GMAT 1: 700 Q44 V41 Re: Two distinct numbers a and b are chosen randomly from the set of first  [#permalink]

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1
I started to write the numbers out. Eventually, I thought that since a little less than a third of the numbers are divisible by three, the probability of the absolute value of any number minus another number not being divisible by three would be a little more than 2/3, so I went with answer E.
Manager  Joined: 07 Dec 2009
Posts: 86
GMAT Date: 12-03-2014
Re: Two distinct numbers a and b are chosen randomly from the set of first  [#permalink]

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Bunuel wrote:
Bunuel wrote:
Two distinct numbers a and b are chosen randomly from the set of first 20 positive integers. What is the probability that |a–b| would not be divisible by 3?

A. 49/380
B. 21/95
C. 49/190
D. 42/95
E. 133/190

Kudos for a correct solution.

VERITAS PREP OFFICIAL SOLUTION:

Any number could be written in the form of one among the following:

(i) 3k

(ii) 3k + 1

(iii) 3k + 2

Only if the 2 numbers are of different types would |a – b| not be divisible by 3:

Numbers of type 3k --> 3, 6, 9, ......... 18 --> Total 6 numbers

Numbers of type 3k + 1 --> 1, 4, 7, .... 19 --> Total 7 numbers

Numbers of type 3k + 2 --> 2, 5, 8, 11 ...20 -->Total 7 numbers

Total possible outcomes = 20 * 19 = 380

Favorable Cases:

1) Picking from Type 1 and Type 2: 2 * (6 * 7) = 84

2) Picking from Type 1 and Type 3: 2 * (6 * 7) = 84

3) Picking from Type 2 and Type 3: 2 * (7 * 7) = 98

Hence, the required probability = (84 + 84 + 98) / 380, and E is the correct answer.

Hi Bunuel,

Why exactly are you multiplying by 2 when you are calculating the favourable cases.

Many thanks
Math Expert V
Joined: 02 Sep 2009
Posts: 58402
Re: Two distinct numbers a and b are chosen randomly from the set of first  [#permalink]

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bhatiavai wrote:
Bunuel wrote:
Bunuel wrote:
Two distinct numbers a and b are chosen randomly from the set of first 20 positive integers. What is the probability that |a–b| would not be divisible by 3?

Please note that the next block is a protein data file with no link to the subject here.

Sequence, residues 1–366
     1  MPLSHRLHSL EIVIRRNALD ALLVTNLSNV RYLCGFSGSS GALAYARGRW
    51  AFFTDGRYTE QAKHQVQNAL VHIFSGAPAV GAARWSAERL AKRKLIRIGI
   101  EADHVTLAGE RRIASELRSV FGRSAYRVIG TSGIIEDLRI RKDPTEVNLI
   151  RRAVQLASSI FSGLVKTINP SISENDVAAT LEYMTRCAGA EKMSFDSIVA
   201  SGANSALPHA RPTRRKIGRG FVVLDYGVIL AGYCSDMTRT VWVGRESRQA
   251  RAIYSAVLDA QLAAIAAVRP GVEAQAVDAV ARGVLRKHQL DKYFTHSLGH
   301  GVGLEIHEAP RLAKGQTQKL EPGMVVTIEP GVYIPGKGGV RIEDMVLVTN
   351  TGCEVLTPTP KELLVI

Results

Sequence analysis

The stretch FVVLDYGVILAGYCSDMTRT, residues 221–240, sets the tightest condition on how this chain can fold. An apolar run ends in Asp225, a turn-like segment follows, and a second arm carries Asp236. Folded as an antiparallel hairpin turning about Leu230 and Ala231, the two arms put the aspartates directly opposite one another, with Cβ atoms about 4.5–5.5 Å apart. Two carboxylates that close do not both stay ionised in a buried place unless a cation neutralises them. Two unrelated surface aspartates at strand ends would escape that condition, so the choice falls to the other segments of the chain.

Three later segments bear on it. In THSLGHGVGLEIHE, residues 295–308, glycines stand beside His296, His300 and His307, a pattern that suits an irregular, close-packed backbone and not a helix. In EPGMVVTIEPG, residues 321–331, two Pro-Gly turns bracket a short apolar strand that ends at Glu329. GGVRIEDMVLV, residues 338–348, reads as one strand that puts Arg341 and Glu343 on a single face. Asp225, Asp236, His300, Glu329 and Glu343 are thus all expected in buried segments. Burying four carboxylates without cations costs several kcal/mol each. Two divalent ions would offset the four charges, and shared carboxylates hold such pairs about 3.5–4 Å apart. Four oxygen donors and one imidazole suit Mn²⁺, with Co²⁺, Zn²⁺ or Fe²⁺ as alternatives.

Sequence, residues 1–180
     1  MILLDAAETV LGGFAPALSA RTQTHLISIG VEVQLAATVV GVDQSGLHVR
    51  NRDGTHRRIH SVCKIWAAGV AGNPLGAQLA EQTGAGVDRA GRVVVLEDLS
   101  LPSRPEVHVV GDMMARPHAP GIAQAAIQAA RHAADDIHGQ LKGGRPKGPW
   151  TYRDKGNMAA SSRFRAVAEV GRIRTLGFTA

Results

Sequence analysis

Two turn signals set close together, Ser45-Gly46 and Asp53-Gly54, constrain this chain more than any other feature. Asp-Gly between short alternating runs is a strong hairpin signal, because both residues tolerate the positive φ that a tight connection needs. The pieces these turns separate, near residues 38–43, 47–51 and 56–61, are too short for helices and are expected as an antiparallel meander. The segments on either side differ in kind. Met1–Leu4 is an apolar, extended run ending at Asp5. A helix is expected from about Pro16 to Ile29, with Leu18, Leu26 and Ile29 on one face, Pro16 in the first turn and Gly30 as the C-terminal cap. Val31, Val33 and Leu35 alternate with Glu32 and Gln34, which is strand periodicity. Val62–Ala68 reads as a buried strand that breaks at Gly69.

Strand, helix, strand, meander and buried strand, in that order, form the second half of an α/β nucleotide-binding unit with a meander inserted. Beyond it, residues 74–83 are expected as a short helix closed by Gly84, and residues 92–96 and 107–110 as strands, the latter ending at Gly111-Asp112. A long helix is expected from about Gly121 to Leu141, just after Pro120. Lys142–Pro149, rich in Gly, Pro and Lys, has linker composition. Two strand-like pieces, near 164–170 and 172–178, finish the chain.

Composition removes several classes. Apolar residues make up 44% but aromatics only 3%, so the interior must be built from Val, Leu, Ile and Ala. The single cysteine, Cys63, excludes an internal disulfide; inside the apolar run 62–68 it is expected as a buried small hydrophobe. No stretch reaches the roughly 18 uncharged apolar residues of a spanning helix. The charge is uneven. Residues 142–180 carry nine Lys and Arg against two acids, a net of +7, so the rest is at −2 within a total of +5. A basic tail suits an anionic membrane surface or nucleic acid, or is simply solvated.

A. 49/380
B. 21/95
C. 49/190
D. 42/95
E. 133/190

Kudos for a correct solution.

VERITAS PREP OFFICIAL SOLUTION:

Any number could be written in the form of one among the following:

(i) 3k

(ii) 3k + 1

(iii) 3k + 2

Only if the 2 numbers are of different types would |a – b| not be divisible by 3:

Numbers of type 3k --> 3, 6, 9, ......... 18 --> Total 6 numbers

Numbers of type 3k + 1 --> 1, 4, 7, .... 19 --> Total 7 numbers

Numbers of type 3k + 2 --> 2, 5, 8, 11 ...20 -->Total 7 numbers

Total possible outcomes = 20 * 19 = 380

Favorable Cases:

1) Picking from Type 1 and Type 2: 2 * (6 * 7) = 84

2) Picking from Type 1 and Type 3: 2 * (6 * 7) = 84

3) Picking from Type 2 and Type 3: 2 * (7 * 7) = 98

Hence, the required probability = (84 + 84 + 98) / 380, and E is the correct answer.

Hi Bunuel,

Why exactly are you multiplying by 2 when you are calculating the favourable cases.

Many thanks

1) a is from Type 1 and b is from Type 2 + b is from Type 1 and a is from Type 2... The same for (2) and (3).
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Intern  Joined: 15 Feb 2015
Posts: 13
Re: Two distinct numbers a and b are chosen randomly from the set of first  [#permalink]

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1
1. Pick 2 from {1,2, ..... 20} 20*19 = 380
2. figure out the probability that |a–b| would be divisible by 3
1) {3, 6, 9, 12, 15, 18 } 6*5 = 30
2) {1,4,7,10,13, 16, 19} 7*6 = 42
3) {2, 5, 8, 11, 14, 17, 20} 7*6 = 42
3. the probability that |a–b| would not be divisible by 3 = (380 - 30-42-42) / 380 = 133/190

So the correct answer is E
Intern  B
Joined: 03 Jul 2015
Posts: 10
Location: India
Re: Two distinct numbers a and b are chosen randomly from the set of first  [#permalink]

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1
shriramvelamuri wrote:
Firstly,

The pattern is

1 4 7 10 13 16 19 = Pick two numbers from 7 -> 7p2= 42

2 5 8 11 14 17 20 = pick two number from 7 -> 7p2= 42

3 6 9 12 15 18= Pick two numbers from 6-> 6P2= 30.

Total permuations that are divisible by 3 are 114.

Total permutions are 20p2= 190.

1- 114/190.

This is exactly where I am struck. I am getting a strange answer. I guess, I have to wait for someone to crack this one. \\

Bunuel please guide me what I am doing wrong.

Bunuel wrote:
Two distinct numbers a and b are chosen randomly from the set of first 20 positive integers. What is the probability that |a–b| would not be divisible by 3?

A. 49/380
B. 21/95
C. 49/190
D. 42/95
E. 133/190

Kudos for a correct solution.